Wednesday, September 21, 2011

I am Number Four (2011)

     I spent the first hour or so watching I am Number Four (2011) wondering why I didn't just turn it off.  Clearly I was not the target audience, but I thought there would still be some part of the film that could draw me in.  Timothy Olyphant found another role that allowed his occasional woodenness to come across as a strength, and I have convinced myself that I kind of enjoy Olyphant as an actor.  Alex Pettyfer gives a pretty solid performance and he is a good looking guy – fitting into that old motto of the kind of guy other guys want to be and girls want to be with – so he wasn't the problem.  In fact, I thought the whole cast was good enough to keep me paying attention and not nitpicking their work.
     But the story just seemed so immature.  Around the seventy minute mark it occurred to me that this film was akin to a game of Aliens Unlimited (or really just Heroes Unlimited with just the aliens having super powers).  All I had to do was get my mindset to where I was at 13-15 and suddenly the movie made sense to me.  It was less rewarding than playing through it as a roleplaying game would have been for me – and not just because that would have guaranteed more aliens with powers and probably a few more action sequences – but I think there is something to be said for a film that can effectively address a select age group.
     Having been through high school (doesn't that seem like forever ago), a lot of the scenes set in the Ohio high school felt as though it would be how someone in junior high (or his or her freshman year) would imagine high school life.  This is especially true for the love interest for John Doe/Number 4 (Pettyfer), the pretty/artistic/stands-up-to-school-authorities/used-to-date-the-quarterback girl Sarah Hart (Dianna Agron).  I don't want to speak against multidimensional characters, but Hart just seems to be everything rolled into one for the sake of brevity.  Earthly bad guy/quarterback Mark James (Jake Abel) is more in the tradition of Johnny Lawrence from The Karate Kid (1984), an adolescent whose main flaw seems to be having trouble dealing with a high school break-up (and seeing other guys she likes as a threat).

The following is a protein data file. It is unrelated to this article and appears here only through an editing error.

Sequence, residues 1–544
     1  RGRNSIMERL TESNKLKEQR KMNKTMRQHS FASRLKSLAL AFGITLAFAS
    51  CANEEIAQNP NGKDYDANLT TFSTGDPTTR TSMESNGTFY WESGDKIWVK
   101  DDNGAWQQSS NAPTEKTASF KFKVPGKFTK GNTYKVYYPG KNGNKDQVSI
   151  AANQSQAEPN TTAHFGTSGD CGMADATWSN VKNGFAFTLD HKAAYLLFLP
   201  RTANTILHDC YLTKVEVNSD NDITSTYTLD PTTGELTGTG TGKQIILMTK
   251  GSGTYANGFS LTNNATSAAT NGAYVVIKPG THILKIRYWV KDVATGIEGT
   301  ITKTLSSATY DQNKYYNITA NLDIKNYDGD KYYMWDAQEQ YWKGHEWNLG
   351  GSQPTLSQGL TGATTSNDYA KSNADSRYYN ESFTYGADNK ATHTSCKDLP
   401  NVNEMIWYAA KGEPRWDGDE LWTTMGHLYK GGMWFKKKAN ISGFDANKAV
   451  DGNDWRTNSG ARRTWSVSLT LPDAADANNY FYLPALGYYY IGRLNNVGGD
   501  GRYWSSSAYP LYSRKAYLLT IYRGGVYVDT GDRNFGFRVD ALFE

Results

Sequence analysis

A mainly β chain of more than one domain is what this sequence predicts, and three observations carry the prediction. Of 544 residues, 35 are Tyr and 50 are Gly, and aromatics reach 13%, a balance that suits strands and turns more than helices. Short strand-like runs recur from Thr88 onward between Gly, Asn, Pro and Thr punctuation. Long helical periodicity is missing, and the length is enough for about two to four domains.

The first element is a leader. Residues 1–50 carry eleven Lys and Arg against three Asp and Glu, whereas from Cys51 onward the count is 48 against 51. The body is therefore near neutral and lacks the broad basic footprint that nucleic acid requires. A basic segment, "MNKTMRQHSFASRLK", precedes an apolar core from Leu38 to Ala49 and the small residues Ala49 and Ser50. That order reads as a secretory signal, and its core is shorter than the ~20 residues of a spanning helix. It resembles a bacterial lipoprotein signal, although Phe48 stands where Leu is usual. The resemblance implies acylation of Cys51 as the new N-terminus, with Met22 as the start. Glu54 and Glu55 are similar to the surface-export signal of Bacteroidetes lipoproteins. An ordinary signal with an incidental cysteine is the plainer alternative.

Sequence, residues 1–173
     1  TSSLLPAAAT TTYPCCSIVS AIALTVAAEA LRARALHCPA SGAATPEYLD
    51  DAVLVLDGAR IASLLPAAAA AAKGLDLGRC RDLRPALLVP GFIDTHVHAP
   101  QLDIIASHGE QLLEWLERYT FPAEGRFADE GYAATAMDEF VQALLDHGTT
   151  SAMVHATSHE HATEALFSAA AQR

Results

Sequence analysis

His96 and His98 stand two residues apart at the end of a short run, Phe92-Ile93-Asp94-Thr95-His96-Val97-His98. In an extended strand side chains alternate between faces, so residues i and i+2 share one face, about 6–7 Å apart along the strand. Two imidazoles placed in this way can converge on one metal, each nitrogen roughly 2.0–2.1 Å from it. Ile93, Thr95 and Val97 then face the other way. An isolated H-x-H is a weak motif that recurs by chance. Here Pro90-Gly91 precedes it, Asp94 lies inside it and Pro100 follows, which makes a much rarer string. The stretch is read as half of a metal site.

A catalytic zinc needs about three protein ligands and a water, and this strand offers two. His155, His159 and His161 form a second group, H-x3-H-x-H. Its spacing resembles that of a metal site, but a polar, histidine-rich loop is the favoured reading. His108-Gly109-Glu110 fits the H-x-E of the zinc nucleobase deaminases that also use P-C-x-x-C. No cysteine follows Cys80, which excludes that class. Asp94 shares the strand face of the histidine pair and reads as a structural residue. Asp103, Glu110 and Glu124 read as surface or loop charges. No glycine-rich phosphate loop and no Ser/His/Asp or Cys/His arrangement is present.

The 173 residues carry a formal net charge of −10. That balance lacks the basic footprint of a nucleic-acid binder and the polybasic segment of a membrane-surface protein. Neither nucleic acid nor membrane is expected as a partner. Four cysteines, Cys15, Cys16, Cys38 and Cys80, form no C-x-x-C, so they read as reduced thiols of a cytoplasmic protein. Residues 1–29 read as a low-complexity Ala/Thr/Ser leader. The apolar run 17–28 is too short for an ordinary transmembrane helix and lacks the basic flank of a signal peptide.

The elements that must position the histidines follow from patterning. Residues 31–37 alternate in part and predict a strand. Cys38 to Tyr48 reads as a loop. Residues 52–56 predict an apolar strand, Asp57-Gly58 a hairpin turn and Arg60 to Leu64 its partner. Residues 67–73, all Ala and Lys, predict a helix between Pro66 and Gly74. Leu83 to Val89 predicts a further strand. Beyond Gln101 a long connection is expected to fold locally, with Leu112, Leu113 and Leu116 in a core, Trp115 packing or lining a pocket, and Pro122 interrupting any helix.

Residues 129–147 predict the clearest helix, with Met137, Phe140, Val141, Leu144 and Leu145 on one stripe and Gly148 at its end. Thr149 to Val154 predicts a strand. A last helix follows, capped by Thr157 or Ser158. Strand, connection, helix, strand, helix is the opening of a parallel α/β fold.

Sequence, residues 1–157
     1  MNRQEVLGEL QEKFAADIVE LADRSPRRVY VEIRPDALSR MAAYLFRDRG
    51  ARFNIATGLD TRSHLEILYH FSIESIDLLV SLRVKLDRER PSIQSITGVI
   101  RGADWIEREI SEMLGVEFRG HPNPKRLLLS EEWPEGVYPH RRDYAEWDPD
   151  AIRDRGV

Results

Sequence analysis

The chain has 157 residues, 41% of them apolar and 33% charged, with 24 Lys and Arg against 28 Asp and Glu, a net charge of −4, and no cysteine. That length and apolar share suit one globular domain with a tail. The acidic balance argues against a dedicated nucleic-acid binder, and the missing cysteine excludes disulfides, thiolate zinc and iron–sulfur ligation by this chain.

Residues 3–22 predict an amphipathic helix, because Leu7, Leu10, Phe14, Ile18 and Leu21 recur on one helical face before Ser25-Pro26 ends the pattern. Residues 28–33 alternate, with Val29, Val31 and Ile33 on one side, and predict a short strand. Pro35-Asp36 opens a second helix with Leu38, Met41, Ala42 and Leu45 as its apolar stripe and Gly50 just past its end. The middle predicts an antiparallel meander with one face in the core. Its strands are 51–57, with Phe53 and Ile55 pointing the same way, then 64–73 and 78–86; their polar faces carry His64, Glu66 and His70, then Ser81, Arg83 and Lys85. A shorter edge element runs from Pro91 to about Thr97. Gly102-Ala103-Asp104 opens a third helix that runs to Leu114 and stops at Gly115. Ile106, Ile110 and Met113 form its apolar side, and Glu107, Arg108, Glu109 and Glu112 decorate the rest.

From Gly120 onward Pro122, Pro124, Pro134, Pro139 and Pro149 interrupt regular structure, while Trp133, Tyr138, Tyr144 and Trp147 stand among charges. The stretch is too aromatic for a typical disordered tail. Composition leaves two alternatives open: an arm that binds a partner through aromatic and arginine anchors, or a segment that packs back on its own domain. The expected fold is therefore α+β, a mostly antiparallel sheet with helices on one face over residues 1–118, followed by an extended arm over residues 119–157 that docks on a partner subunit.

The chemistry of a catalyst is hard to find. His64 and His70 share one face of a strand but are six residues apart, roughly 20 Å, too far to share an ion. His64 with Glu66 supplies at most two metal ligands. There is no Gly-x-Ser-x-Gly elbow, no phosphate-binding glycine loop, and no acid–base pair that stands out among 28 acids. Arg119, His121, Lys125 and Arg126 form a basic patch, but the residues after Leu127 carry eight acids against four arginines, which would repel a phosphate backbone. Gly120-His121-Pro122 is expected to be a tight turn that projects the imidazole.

Eventually, Number Six (Teresa Palmer, who is making her third appearance on the reviews) shows up and we see some needless overproduced action scenes.  I guess this makes a fair amount of sense in regards to the overall story that has the Numbers on the run from the evil aliens, but it really shifts the type of movie to more of an over-the-top experience (I'm betting this is what more people wanted to see in the first place). 
Teresa Palmer as Number Six, fighting a Mog in a high school.
     What really didn't work for me were the extraterrestrial bad guys, a race of aliens called Mogadorians.  Looking very much like a an unholy crossbreeding of the Newcomers from Alien Nation (1988) and the Cromags from Sliders (1995-2000), the Mogs moves slowly and have the same degree of menace one would find in a parked car.  Apparently they are only dangerous to humanity because one needs a special blade to kill them (and then they turn to dust).  Sure, they a cool looking giant alien monster that chases the good aliens, but that all amounts to a whole lot of nothing.
     As an adult, I wouldn't recommend I am Number Four.  As a guy who can still find his inner adolescent, I think their is enough there to entertain to not slam it or tell people to avoid it.  The book is probably better, but I'm not in any hurry to go out and read it.

1 comment:

  1. Staying away, thanks a lot for this great review mate. It also has a book? I'm not sure if the book is good enough to be a book, the story seems, as you kind of said, not at it's best.